There were plenty of things here and there than Grandpa had something bad to say about, such as his food or the table we were sitting at, but his favorite things to complain about included his work, his health, his daughters, and his wife (my grandma. ) From a lot of the things he said, I inferred that he felt unappreciated because my mom and her sisters only come to him when they need something. At work, he was mostly irritated with his coworkers’ unintelligence and pitiful work ethics.
In addition, it bothered him that there are some things he can not do as well anymore since he is getting older. He also made several comments that made me concerned that he might be depressed, such as “I | might as well die. ” I tried to ensure him that even if it seemed like nobody loved him, I definitely did—but he did not need me to tell him this because he already knew. In fact, the only topic that made Grandpa happy to discuss was me and his other grandchildren. Because my boyfriend, Eric, came along with me to lunch, I observed something interesting happening while we talked.
Although the whole point of our meeting up was so that I could empathize with my grandpa, I noticed that Eric was doing a far better job than I was, and without trying. While I asked Grandpa questions about his problems and tried to reply with something positive he could think of instead, Eric simply smiled or laughed at the things Grandpa said. His reactions were not awkward or uncomfortable; Eric was showing my grandpa that he was listening to what he said and that he either agreed or genuinely cared about what he was saying.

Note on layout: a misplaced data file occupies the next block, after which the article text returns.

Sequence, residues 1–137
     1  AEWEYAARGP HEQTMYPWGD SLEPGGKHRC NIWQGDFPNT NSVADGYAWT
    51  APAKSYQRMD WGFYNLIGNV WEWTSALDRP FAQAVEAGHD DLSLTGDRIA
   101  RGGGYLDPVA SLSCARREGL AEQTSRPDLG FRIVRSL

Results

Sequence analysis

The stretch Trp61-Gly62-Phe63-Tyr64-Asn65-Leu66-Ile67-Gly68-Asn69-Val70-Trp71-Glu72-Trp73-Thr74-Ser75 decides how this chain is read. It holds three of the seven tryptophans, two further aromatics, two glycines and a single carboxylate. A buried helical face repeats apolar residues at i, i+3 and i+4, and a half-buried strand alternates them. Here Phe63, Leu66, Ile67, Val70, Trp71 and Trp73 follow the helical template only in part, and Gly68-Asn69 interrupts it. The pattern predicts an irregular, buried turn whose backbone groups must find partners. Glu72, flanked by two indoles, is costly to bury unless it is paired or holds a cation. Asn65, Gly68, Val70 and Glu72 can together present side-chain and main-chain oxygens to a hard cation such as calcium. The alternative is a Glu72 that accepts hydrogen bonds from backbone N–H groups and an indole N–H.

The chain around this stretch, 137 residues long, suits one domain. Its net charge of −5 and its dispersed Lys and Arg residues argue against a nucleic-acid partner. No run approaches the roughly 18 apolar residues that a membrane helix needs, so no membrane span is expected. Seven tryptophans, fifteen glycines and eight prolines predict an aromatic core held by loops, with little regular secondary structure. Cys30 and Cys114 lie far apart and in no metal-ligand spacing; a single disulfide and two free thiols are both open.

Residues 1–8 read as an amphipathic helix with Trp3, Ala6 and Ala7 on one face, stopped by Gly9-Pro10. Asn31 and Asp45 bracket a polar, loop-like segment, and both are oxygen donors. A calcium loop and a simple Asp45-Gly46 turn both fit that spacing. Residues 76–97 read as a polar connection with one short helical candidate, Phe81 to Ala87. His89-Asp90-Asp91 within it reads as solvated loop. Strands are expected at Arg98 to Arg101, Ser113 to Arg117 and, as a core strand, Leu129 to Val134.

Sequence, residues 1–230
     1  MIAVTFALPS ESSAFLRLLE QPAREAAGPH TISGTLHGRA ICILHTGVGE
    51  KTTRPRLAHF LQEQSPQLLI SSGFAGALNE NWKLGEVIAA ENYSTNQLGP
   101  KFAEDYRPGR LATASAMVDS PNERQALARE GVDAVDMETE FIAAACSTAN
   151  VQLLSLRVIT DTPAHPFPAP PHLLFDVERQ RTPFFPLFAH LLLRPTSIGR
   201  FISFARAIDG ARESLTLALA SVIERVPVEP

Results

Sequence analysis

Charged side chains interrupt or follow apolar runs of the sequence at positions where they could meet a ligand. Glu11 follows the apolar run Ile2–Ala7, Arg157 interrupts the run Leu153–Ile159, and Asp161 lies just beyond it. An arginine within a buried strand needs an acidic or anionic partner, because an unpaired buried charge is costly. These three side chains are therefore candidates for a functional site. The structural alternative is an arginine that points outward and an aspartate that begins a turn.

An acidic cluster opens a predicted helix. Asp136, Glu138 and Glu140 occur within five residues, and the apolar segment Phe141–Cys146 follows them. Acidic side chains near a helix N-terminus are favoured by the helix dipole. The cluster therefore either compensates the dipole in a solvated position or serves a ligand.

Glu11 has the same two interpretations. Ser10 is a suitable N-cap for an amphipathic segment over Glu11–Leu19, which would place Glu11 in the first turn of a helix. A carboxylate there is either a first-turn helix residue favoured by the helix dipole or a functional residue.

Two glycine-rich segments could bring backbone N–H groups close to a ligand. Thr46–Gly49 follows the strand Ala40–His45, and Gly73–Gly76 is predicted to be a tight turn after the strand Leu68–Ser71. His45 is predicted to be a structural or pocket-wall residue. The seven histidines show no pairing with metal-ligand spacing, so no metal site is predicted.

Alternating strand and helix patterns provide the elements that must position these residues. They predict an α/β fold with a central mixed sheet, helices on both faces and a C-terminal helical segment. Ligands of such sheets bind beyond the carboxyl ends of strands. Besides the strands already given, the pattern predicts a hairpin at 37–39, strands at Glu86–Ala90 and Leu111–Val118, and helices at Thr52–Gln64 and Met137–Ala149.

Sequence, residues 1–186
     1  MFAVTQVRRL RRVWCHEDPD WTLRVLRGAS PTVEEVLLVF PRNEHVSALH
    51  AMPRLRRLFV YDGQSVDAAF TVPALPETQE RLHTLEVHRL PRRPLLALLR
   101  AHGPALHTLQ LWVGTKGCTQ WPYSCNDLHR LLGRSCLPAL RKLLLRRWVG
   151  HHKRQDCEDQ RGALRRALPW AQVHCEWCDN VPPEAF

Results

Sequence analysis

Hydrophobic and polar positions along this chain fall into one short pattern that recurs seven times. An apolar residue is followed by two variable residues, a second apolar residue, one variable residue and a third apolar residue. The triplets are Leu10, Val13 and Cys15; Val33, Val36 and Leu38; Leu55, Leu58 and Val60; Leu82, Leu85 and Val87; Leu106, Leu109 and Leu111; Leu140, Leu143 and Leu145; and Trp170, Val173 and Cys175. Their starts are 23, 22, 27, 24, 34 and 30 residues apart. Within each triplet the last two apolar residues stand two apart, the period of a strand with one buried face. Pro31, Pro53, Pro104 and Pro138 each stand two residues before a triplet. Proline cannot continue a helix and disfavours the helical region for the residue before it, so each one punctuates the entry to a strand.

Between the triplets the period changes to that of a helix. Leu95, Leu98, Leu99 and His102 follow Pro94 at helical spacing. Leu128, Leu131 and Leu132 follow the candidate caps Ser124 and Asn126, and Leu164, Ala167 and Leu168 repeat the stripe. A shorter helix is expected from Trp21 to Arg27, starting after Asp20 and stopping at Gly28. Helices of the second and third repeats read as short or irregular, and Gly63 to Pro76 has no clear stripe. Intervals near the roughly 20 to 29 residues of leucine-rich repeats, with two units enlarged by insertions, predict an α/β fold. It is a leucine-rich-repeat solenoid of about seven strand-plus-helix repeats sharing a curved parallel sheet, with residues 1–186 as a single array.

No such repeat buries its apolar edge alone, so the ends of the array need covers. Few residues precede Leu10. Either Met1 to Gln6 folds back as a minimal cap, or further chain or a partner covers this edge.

Furthermore, it helped that Eric was able to comprehend and give feedback about my grandpa’s projects at work, whereas I do not understand anything about bus mechanics and do not make the slightest attempt to appreciate when he talks about it. When our conversation was over, I told Eric that he was much better at talking to Grandpa Leon than my family and me. Eric summarized well what I needed to learn from this project: “He just wants someone to listen to him. ” Hearing this, as well as all the things Grandpa said, I came to a realization about why he might act the way he does.
The man is simply yearning for attention, especially from his family. He is right when he talks about how my grandma spends more time at her job or with her work friends than with him, and when he complains that my mom and aunts do not come to him unless they need him to fix something. Our typical response of ignoring Grandpa when he talks seemed so uncaring after observing Eric listen to his rants so patiently and effortlessly. Before attempting to empathize with my grandpa for this project, I already knew that he has not had the smoothest life experiences up to this point. I knew that rowing up, his family was poor and his parents were abusive.
Additionally, I knew that my “grandma” was actually his third wife and that my mother’s biological mother was abusive to her family as well. Furthermore, when I was eight years old one of my aunts (his teenage daughter) was killed by a classmate, sending him into a major case of depression for a few years. All these things combined, I knew, were parts of the reason my grandpa has a greatly negative attitude, but I did not think they justified his behavior since my mom and the rest of her family had recovered and carried on pretty well.